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Donahy History, Family Crest & Coats of Arms



All Irish surnames have underlying meanings that can be traced back to their fullest points when the names first appeared in a Gaelic form. The name Donahy originally appeared in Gaelic as Mac Donnchadha, which means son of Donnchadh or son of Donagh.

Early Origins of the Donahy family


The surname Donahy was first found in County Cork (Irish: Corcaigh) the ancient Kingdom of Deis Muin (Desmond), located on the southwest coast of Ireland in the province of Munster, where they held a family seat from ancient times.

Early History of the Donahy family


This web page shows only a small excerpt of our Donahy research.
Another 175 words (12 lines of text) covering the years 1698, 1746, 1728, 1746, 1779, 1850, 1878 and 1916 are included under the topic Early Donahy History in all our PDF Extended History products and printed products wherever possible.

Donahy Spelling Variations


During the Middle Ages, scribes recorded people's names as they saw fit. As a result, surnames often had many spelling variations. For Donahy some of these variations included: Donaghey, McDonogh, McDonnogh, McDonagh and many more.

Early Notables of the Donahy family (pre 1700)


Another 47 words (3 lines of text) are included under the topic Early Donahy Notables in all our PDF Extended History products and printed products wherever possible.

Migration of the Donahy family to the New World and Oceana


Irish families began leaving their homeland for North America in the late 18th century. These families were usually modestly well off, but they were looking forward to owning and working on a sizable tract of land of their own. This pattern of emigration continued until the 1840s when the Great Potato Famine sparked a major exodus of destitute and desperate Irish people. These people were not leaving for a grant of land in North America because by this time the East Coast had reached its saturation point and free land was scarce. They were merely looking to escape the disease, starvation, and hopelessness that Ireland had fallen into. Although these unfortunate immigrants did not receive a warm welcome by the established populations in the United States and what would become Canada, they were absolutely critical to the rapid development that these two nations enjoyed. They would help populate the western lands and provide the cheap labor required for a rapid industrialization. An examination of passenger and immigration lists has revealed many early bearers of the name Donahy or one of its variants:

Donahy Settlers in United States in the 19th Century

  • John Donahy, aged 21, who arrived in New York, NY in 1803 [1]CITATION[CLOSE]
    Filby, P. William, Meyer, Mary K., Passenger and immigration lists index : a guide to published arrival records of about 500,000 passengers who came to the United States and Canada in the seventeenth, eighteenth, and nineteenth centuries. 1982-1985 Cumulated Supplements in Four Volumes Detroit, Mich. : Gale Research Co., 1985, Print (ISBN 0-8103-1795-8)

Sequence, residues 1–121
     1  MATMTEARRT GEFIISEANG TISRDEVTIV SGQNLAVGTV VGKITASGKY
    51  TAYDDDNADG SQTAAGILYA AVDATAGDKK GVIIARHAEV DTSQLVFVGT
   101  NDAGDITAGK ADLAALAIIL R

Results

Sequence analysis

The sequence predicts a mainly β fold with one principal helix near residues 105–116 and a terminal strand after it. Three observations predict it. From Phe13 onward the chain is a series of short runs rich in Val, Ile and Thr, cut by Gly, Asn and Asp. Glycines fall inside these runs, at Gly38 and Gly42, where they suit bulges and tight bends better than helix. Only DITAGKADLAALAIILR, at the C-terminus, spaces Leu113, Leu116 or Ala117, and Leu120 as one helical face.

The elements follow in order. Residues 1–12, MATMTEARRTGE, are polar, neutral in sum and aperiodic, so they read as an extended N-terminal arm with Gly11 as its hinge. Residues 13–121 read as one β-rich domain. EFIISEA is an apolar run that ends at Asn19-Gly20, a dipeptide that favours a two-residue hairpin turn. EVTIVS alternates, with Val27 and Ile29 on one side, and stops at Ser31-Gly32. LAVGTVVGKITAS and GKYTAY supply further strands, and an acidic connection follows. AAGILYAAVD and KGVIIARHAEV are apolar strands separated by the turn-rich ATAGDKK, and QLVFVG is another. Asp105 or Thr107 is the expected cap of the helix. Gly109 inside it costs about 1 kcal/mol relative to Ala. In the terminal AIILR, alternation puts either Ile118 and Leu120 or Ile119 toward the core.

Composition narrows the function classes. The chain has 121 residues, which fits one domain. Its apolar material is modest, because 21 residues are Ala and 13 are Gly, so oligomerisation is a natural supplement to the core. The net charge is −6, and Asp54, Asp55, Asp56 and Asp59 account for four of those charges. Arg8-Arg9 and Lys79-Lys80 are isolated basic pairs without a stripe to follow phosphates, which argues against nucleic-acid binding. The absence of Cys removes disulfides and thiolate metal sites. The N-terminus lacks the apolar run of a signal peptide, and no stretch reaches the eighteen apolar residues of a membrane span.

• Edward Donahy, who landed in America in 1805 [1]CITATION[CLOSE]
    Filby, P. William, Meyer, Mary K., Passenger and immigration lists index : a guide to published arrival records of about 500,000 passengers who came to the United States and Canada in the seventeenth, eighteenth, and nineteenth centuries. 1982-1985 Cumulated Supplements in Four Volumes Detroit, Mich. : Gale Research Co., 1985, Print (ISBN 0-8103-1795-8)

Donahy Settlers in Canada in the 19th Century

  • Margaret Donahy, aged 23, who arrived in Saint John, New Brunswick aboard the ship "Quintin Leitch" in 1833
  • John Donahy, aged 3, who arrived in Saint John, New Brunswick aboard the ship "Quintin Leitch" in 1833
  • Patrick Donahy, aged 1, who arrived in Saint John, New Brunswick aboard the ship "Quintin Leitch" in 1833

The Donahy Motto


The motto was originally a war cry or slogan. Mottoes first began to be shown with arms in the 14th and 15th centuries, but were not in general use until the 17th century. Thus the oldest coats of arms generally do not include a motto. Mottoes seldom form part of the grant of arms: Under most heraldic authorities, a motto is an optional component of the coat of arms, and can be added to or changed at will; many families have chosen not to display a motto.

Motto: Virtutis gloria merces
Motto Translation: Glory is the reward of valour.


Donahy Family Crest Products



See Also



Citations


  1. ^ Filby, P. William, Meyer, Mary K., Passenger and immigration lists index : a guide to published arrival records of about 500,000 passengers who came to the United States and Canada in the seventeenth, eighteenth, and nineteenth centuries. 1982-1985 Cumulated Supplements in Four Volumes Detroit, Mich. : Gale Research Co., 1985, Print (ISBN 0-8103-1795-8)

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